Marilyn: That’s definitely one of the first steps that Andrew [Andrew Laginess is a Coordinator of Statistical Research at FIU] does is he runs the basic analysis, just to make sure that the data that he has is is clear and it makes sense statistically. He does look at, you know, averages & minimums & maximums, to make sure because you know, we don’t have every single data point for every student that we’re looking at. Sometimes, you can see a student has for their first year GPA or cumulative GPA, they have a zero. But that’s not right. That’s not correct or right to us. So, then we look in further and we see — Was the student retained? Did they maybe, you know, drop out before the first year ended and and then that would explain, you know why there’s a zero there? So, a necessary part of analyzing data is cleaning up the data if necessary, but also going through it and seeing what data points you have and making sure that that everything is cohesive and everything makes sense.
Kai: How is student data encoded into your visualizations in terms of position, color, length, and shapes?
Marilyn: Typically for our reports, because, of course, on our end we have, we can have Excel workbooks that if we’re looking at a major group. Like for instance, the current report we’re working on now, that I can’t go into current detail because it’s still an ongoing project. The current report we’re working on now, though, the data has essentially been clean, so all the data is cohesive and precise. It’s looking at a very large group of students — over a lot of years, maybe 10, 11, 12 years. Because of that, alone, the workbook is about 82,000 rows, and each row represents a single student. And in terms of the number of columns, I don’t even know because it is a lot. Essentially, we have all this data. And once we report on the demographics, we also want our analysis, any sort of correlations or trends that we may have discovered, if any, we want to make sure that those reading our reports besides — the teams, the Provost, President, and any of the offices that we work with, we want it to be clear in what we are presenting. A lot of our visualizations are pretty simple. We usually just stick to you know, tables and charts — 2D charts, we don’t really have anything 3D. We deal with a lot of clustered columns or 100% stacked columns — if we’re showing, you know, parts of a hole. Sometimes, we’ll have we have scatter plots to show when we’re looking at maybe GPAs over a certain time within a certain group. We also besides the quantitative analysis that we’ve discussed so far in this interview, we do also conduct qualitative work. And so we are in charge of a lot of the surveys that are handed out to students. For example, we have what’s called the ‘freshman survey’. That is a survey that students sends alerts to their email or any of the other sites that asks the students questions, essentially, all about their first year at FIU. That’s just an example of qualitative work that we do. When it comes to that, if we’re creating a report for let’s say, a qualitative survey, and we’re kind of showing the feedback that we’ve received from students on certain questions. We’ll use a word cloud to show some survey responses. In terms of the color we we typically stick to, school spirit colors, we stick to a lot of blues, grays, yellows, but overall, because the process of analyzing the data and what we are presenting can be complex, so we try to make the visualizations as simple as possible. So, that for those that are reading the reports, whether they have background knowledge on the current topic, or they don’t, anyone can go ahead and read our reports and understand what what it is that we’re presenting.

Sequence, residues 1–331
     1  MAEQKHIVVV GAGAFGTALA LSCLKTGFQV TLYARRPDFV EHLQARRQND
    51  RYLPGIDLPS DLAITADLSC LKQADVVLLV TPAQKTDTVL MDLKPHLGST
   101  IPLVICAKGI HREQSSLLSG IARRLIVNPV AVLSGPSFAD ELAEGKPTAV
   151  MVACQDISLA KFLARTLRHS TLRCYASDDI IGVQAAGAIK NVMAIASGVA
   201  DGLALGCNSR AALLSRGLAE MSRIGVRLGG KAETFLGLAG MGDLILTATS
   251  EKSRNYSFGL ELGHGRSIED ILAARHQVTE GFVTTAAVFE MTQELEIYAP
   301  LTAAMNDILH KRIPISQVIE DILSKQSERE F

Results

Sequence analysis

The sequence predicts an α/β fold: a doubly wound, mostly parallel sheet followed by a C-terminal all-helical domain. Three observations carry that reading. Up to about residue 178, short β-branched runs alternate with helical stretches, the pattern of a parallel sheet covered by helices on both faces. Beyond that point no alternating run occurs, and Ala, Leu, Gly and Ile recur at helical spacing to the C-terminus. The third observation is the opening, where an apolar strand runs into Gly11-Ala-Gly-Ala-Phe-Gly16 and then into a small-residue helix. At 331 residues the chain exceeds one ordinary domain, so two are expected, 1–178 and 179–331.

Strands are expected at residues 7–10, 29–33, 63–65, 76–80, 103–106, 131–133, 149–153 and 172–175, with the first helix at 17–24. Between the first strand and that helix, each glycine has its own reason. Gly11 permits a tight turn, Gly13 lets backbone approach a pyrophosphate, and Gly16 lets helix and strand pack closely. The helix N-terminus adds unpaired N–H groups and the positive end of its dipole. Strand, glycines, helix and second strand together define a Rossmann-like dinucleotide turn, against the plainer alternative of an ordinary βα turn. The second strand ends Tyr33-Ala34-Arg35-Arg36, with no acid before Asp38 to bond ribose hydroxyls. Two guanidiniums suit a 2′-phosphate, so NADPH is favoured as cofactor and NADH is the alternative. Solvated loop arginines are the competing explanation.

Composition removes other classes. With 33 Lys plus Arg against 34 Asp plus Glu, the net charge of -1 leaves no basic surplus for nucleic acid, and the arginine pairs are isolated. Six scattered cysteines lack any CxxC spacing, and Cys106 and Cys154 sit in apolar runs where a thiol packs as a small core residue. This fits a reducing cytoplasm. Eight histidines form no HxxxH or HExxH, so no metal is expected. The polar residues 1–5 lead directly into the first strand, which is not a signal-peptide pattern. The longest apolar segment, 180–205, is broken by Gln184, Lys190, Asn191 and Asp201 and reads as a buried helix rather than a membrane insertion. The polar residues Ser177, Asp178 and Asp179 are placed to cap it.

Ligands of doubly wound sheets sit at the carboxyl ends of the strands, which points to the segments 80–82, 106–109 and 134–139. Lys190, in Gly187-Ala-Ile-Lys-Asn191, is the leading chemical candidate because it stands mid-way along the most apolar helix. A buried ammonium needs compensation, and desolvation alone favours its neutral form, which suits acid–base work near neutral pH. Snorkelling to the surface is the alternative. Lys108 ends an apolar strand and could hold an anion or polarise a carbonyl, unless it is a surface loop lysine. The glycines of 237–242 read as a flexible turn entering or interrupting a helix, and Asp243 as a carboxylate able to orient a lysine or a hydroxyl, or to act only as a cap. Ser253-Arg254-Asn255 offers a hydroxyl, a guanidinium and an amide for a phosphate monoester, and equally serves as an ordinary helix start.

*This interview has been lightly edited for condensing and readability purposes.